Australian researchers have made a breakthrough in Alzheimer’s research, demonstrating what they describe as the first gene therapy-based approach to treating advanced forms of the disease .
Through experiments in mice, they have been able to show how activating a key enzyme in the brain can prevent and even reverse the type of memory loss associated with advanced forms of Alzheimer’s.
The research has been conducted at Macquarie University, where researchers Lars and Arne Ittner were investigating the role of a key enzyme in the brain called p38gamma . Through previous research, the researchers, who are brothers, had shown that by activating this enzyme in mice with advanced dementia, they could modify a protein that prevents the development of Alzheimer’s symptoms.
From this, the scientists conducted experiments in mice with advanced Alzheimer’s disease to see not only how cognitive decline could be slowed, but also how the function of this protective enzyme could be restored to normal levels for even greater benefit .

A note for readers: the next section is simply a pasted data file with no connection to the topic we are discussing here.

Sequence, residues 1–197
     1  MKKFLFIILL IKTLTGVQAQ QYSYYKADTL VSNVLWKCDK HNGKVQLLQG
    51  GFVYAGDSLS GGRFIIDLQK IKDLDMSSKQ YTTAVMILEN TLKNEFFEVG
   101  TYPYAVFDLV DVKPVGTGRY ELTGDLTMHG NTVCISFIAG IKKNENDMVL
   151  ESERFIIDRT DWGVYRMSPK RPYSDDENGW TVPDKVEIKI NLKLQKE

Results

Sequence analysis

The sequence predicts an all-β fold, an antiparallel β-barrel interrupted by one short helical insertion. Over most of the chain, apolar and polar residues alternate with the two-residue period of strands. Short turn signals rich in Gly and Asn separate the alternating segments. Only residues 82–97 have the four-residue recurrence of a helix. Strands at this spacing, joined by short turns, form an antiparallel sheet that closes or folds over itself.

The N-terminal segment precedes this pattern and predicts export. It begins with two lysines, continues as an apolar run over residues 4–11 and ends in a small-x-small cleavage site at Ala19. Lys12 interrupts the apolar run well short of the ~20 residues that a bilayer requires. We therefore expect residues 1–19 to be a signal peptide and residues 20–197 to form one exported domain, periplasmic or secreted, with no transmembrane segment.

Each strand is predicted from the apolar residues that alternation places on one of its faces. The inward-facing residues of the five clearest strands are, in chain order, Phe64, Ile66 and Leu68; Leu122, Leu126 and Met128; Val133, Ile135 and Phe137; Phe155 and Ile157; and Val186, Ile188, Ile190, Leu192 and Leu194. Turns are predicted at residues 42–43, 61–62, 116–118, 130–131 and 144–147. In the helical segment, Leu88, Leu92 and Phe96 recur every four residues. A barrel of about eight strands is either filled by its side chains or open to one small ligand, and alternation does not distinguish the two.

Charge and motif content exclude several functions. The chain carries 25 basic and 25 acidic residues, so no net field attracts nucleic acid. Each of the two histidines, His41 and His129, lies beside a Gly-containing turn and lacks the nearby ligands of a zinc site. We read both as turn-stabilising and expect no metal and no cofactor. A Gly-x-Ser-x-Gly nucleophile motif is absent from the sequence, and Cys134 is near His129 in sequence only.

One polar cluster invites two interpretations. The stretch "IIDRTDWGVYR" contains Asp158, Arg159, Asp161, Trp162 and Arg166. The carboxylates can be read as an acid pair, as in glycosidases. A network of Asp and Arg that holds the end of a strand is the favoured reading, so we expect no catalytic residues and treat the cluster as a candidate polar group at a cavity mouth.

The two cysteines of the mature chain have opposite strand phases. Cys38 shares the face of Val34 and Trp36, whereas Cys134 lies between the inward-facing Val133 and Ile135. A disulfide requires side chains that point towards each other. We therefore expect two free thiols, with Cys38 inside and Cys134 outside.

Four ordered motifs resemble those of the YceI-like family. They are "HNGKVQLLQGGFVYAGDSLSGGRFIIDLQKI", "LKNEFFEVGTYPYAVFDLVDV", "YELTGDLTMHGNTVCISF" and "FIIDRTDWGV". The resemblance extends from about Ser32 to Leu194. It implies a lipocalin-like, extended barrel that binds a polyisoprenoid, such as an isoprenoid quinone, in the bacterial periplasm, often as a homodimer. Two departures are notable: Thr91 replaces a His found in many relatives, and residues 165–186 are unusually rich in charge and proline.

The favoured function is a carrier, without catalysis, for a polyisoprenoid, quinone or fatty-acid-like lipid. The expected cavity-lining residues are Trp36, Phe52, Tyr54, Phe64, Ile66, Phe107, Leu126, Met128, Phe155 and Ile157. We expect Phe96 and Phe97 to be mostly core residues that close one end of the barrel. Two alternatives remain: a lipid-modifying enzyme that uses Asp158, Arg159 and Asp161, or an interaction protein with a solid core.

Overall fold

The researchers found that by introducing genetic material, they were able to activate the enzyme p38gamma in a way that not only stopped the memory decline in the mice, but actively improved their memory despite the advanced nature of their disease .
Work is now underway to determine the best path to clinical trials and eventually market this new treatment within five to ten years . And the potential of the technique may not end with Alzheimer’s disease, and the team hopes it may prove useful in treating other dementia-related diseases, such as fronto-temporal dementia, which generally affects younger people in their 40s and 40s. 65 years.
A study detailing the discovery will be published in the journal Acta Neuropathologica in September.